BEIJING Aug 21 Chinese wine producers have
asked the government to investigate whether winemakers in the
European Union are dumping cheap wine in China.
The China Alcoholic Drinks Association has asked the
Ministry of Commerce to look into dumping as well as subsidies
to European wine makers, the association said on its website.
Wine exports from the EU to China have increased sharply in
recent years, reaching 169 million litres in 2011, compared with
35.9 million litres in 2008, Wang Zuming, secretary of the
association's wine subcommittee, was quoted as saying.
"Almost all wine enterprises in China have strongly felt the
impact of the attack by wine imports from the European Union,
with operations, performance and market share seriously
sliding," Wang said.
"The Chinese wine consumption market has shown great
potential. By exporting such large amounts of cheap wine, it's
obvious they're trying to seize Chinese market share."
Inexpensive wine imports to China are growing rapidly, says
Jim Boyce, a Beijing-based wine writer who runs the blog
Grapewallofchina.com. Wine from Spain made up some 5 percent of
the Chinese bulk wine market in 2009, but that share has soared
to 50 percent of the market now, he said.
"If you look at the first quarter of 2012, Spanish wines
were 9.2 percent of the Chinese market by volume, but 5.1
percent of the market by value," Boyce said. "Whether that's
dumping I don't know, but a lot of people are probably looking
at that and thinking so."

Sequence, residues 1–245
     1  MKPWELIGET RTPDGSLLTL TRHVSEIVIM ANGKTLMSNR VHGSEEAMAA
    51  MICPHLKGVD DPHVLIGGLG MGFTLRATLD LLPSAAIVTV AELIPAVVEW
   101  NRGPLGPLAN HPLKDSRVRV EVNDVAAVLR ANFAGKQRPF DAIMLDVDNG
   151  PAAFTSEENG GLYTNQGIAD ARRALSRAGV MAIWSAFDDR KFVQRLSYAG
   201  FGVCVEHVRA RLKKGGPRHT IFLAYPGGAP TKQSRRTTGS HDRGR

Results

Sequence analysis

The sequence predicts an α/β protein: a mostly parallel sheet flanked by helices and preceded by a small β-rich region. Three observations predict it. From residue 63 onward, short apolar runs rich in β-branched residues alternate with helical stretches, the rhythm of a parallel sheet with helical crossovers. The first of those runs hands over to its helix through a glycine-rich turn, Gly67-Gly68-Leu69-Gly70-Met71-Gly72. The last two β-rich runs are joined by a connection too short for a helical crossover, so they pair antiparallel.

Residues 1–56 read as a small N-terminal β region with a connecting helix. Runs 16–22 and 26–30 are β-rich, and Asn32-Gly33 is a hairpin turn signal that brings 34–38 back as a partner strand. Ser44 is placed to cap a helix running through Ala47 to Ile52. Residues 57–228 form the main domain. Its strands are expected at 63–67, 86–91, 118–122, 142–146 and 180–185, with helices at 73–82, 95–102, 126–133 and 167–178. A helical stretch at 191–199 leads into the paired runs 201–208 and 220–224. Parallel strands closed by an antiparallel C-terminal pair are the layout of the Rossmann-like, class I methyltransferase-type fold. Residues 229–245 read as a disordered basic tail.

Calls on Tuesday to the drinks association office went
unanswered, and there was no response to a query faxed to the
Commerce Ministry asking if it planned an investigation.
China has become the world's fifth-largest consumer of wine,
according to an annual industry study published in February by
VINEXPO/International Wine and Spirit Research.
Increasing wine imports are putting pressure on domestic
producers. Dynasty Fine Wines Group Ltd reported that
2011 revenue sank 10.5 percent from 2010. China Great Wall Wine
Co saw revenue decline 2.1 percent last year, according to the
Global Times newspaper.
Domestic brands frequently seek foreign investment and
expertise, and foreign winemakers - mostly French - are
investing in several new vineyards to produce high-end still and
sparkling wine for wealthy customers in China.
Wealthy Chinese consumers show an overwhelming preference
for expensive French wine, and Chinese companies and well-to-do
individuals are buying multimillion-dollar wine chateaux in
France's Bordeaux region.
(Reporting by Terril Yue Jones; Editing by Jeremy Laurence)